Oil price may have bottomed, says S&P DJI analyst

Jodie Gunzberg, global head of Comodities at S&P Dow Jones Indices, has said that prices for energy stocks and bonds suggests a bottom may have been reached in the price of oil, with the S&P GSCI Crude Oil index bounding up 9.7% in the past week – one of its best weeks since 1987.

The index also had a good weeek at  the end of August this year, gaining some 11.8%, Gunzberg said in an analyst note.

However, the picture is  still clouded by a number of factors afffecting both supply and demand for oil, she added

“Although many supporting events happened simultaneously last week like a continued drop in US rig counts, concern about falling production in Canada and Bakken, the decision by the Fed to hold off on the interest rate hike and the Russian attacks on Syria, it’s difficult to make the case the rally is sustainable.”

“Inventories are still very high and demand is questionable. According to the IEA’s Oil Market Report, ‘a projected marked slowdown in demand growth next year and the anticipated arrival of additional Iranian barrels – should international sanctions be eased – are likely to keep the market oversupplied through 2016.'”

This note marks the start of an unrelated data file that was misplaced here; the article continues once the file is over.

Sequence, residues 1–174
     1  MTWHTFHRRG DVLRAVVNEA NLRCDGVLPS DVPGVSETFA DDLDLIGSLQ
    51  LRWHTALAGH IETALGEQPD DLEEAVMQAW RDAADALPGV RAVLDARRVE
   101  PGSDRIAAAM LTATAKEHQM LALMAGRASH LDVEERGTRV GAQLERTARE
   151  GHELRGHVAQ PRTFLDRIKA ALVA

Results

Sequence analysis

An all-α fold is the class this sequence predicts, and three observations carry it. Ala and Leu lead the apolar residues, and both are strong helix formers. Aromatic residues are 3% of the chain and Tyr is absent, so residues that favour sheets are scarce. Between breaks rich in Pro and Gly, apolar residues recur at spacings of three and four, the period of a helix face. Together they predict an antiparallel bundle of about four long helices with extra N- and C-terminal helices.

Gunzberg said that data from sources such as the Pira energy group and Morgan Stanley argue for a rise in the price to $75 by 2017.

She goes on to say that there is evidence from the S&P 500 series of bond indices as well as S&P 500 equity sector indices, which point to a spike in equity risk premium associated with US energy companies in October, w.ith spreads shifting from discounts to prermiums. This could be a marker that the market feels that oil prices have bottomed.

 

ABOUT THE AUTHOR
Jonathan Boyd
Editorial Director of Open Door Media Publishing Ltd, and Editor of InvestmentEurope. Jonathan has over two decades of media experience in Japan, Australia, Canada and the UK. Over the past 16 years he has been based in London writing about funds and investments . From editing the newsletter of the Swedish Chamber of Commerce in Japan in the 1990s he now focuses on Nordic markets for InvestmentEurope.

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